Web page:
Like that ol’ Johnny Lee song, “Looking For Love,” I’m afraid some of us (myself included) have been “lookin’ for love in all the wrong places.” In Romans 12:9, we are commanded to “love without hypocrisy,” which is immediately followed by the command to be “kindly affectionate to one another with brotherly love” (12:10a). Thus, three words that can be translated “love” or “affection” are put into play in these two verses:
- agape, which refers to the love Christians must have for all people, including their enemies,
- philia, the love one has for friends, and
- storge, the love one has for family members.
In fact, “kindly affectionate”(philostorge) is a combination of philia and storge. This is the only place this expression is found in the New Testament. It denotes the kindred love of family or humankind, and defines more specifically the character of the “brotherly love” (philidelphia) which it amplifies, so that the exhortation is for us to love our brethren in Christ as if they were members of our own family, clan, or race. For the Jews and Gentiles of Paul’s time, this was no small thing.
Over the years, we have all heard sermons and lessons on the “uniqueness” of agape; namely, how it is a “different” kind of love than philia or storge. It is, we are told, the highest form of love, having more to do with the intellect than those emotions and feelings we frequently associate with love. But is this true? Is this really what the Scriptures teach? I, for one, no longer believe it is. In saying this, it is important to understand that I’m not denying that the three words mentioned are different, or that they may be nuanced toward one aspect of love rather than another. Instead, all that I’m denying is that agape is an entirely different kind for love than are these others. But if we continue to insist on thinking of agape as vastly different from philia and storge, this difference is to be seen in that it alone truly encompasses all aspects of these other two terms, which, when taken together, teach us what it really means to love one another as God truly loved us.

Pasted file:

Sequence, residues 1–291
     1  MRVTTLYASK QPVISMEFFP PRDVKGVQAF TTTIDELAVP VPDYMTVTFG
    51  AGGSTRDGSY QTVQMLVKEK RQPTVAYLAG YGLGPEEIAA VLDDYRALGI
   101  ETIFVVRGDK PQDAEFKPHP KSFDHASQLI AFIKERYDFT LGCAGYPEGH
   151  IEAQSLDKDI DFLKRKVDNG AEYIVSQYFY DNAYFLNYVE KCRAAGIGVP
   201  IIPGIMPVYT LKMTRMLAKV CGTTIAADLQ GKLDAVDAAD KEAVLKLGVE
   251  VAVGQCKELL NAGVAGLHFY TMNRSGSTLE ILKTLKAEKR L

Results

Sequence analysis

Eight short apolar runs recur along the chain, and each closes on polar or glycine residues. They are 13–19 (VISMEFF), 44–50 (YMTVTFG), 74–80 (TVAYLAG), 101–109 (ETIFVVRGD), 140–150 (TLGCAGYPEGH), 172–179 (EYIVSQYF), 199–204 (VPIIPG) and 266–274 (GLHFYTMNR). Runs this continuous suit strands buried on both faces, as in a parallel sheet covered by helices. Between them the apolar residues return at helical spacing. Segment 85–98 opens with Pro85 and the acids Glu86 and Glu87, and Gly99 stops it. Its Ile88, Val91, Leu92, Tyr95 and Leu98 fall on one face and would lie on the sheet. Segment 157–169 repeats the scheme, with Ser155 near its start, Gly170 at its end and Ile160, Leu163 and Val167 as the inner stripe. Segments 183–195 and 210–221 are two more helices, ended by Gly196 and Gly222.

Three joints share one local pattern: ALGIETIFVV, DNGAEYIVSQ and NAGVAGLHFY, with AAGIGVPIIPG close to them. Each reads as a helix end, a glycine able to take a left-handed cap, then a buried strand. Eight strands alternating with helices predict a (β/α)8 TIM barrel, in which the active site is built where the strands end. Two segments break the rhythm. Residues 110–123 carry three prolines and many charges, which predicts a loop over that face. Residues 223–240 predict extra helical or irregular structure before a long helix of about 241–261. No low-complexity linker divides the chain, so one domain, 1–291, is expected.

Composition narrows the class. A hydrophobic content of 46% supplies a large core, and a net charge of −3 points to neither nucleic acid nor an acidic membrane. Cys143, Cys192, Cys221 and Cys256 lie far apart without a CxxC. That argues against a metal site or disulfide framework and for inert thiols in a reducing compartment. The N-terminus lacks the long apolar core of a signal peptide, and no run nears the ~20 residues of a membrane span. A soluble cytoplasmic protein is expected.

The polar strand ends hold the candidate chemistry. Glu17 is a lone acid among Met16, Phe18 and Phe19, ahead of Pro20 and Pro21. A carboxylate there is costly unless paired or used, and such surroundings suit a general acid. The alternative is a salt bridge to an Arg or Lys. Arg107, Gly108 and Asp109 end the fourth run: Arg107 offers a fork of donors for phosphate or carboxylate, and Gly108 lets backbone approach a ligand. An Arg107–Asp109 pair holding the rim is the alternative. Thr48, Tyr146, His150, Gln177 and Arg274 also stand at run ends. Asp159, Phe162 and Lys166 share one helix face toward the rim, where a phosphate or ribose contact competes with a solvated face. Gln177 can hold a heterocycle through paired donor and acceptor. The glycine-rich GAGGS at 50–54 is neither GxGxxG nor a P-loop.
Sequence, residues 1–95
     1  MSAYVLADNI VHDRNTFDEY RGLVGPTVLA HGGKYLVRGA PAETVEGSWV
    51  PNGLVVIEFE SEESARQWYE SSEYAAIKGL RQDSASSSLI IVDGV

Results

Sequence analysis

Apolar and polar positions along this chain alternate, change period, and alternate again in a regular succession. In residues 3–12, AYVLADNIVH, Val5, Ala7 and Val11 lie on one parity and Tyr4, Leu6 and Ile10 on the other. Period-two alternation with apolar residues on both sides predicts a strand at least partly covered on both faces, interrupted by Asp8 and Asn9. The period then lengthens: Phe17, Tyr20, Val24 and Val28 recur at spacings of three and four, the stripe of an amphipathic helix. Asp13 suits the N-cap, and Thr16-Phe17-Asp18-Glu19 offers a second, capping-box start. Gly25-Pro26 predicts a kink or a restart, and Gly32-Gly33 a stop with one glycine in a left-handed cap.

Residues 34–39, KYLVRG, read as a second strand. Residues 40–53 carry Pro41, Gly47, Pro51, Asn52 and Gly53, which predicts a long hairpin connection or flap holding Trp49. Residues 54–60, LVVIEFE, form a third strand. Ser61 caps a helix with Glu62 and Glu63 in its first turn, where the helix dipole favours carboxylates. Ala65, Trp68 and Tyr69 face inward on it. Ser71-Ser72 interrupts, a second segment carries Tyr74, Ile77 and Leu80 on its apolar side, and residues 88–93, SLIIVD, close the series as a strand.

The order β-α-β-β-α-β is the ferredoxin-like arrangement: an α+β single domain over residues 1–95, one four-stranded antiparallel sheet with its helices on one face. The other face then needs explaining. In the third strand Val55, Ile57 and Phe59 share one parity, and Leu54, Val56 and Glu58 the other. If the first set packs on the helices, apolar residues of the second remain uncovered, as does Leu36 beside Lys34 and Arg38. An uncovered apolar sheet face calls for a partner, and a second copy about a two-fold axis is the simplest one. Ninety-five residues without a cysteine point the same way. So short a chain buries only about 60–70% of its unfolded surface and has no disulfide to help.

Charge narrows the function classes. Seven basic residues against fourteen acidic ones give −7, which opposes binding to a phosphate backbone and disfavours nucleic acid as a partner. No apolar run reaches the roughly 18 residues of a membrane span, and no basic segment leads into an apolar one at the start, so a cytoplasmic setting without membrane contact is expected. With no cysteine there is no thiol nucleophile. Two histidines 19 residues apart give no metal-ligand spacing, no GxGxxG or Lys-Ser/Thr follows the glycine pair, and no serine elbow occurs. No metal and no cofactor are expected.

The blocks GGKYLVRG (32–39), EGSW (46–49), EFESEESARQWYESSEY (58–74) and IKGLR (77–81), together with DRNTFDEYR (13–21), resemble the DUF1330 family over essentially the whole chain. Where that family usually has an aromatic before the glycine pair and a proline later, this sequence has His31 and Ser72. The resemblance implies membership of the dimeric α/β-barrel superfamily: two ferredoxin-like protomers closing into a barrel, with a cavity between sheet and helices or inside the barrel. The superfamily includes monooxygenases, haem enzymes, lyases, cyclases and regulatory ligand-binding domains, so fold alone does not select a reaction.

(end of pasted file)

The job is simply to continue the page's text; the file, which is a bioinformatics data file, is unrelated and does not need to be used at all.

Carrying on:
What’s the rub, then? Well, perhaps it’s this: instead of accurately defining the true meanings and nuances of agape, philia, and storge, we’ve actually been engaged in an elaborate exercise of semantical gymnastics designed to make us feel better about ourselves when we claim to “love” our enemies, even when we know we’ve never quite “cared for” them very much at all, or at least not like we care for those in our family, our village, our tribe, our clan, our “race.” So then, is agape really more intellectual than heartfelt? We certainly like to think so. After all, such an interpretation allows us to think we can agapao even our enemies, even though we don’t really have to be very fond of them. Oh really? Let’s take a look at what Thayer’s says about the verb agapao: “1) of persons, 1a) to welcome, to entertain, to be fond of, to love dearly.” And of the noun agape, Thayer’s says: “1) brotherly love, affection, good will, love, benevolence.” So make no mistake about it, when Romans 12:9a says, “Let love [agape] be without hypocrisy,” and follows it up in 12:10a with “Be kindly affectionate to one another in brotherly love,” we have a divine commentary on what agape is all about, and it isn’t just some sort of intellectual “I’ve got your best interest at heart, but don’t you think for a moment, you dirty rotten scoundrel, that this has anything to do with the tender affection I’ve reserved for others.” No, no, no, this is not, and never has been, what loving God and each other is all about.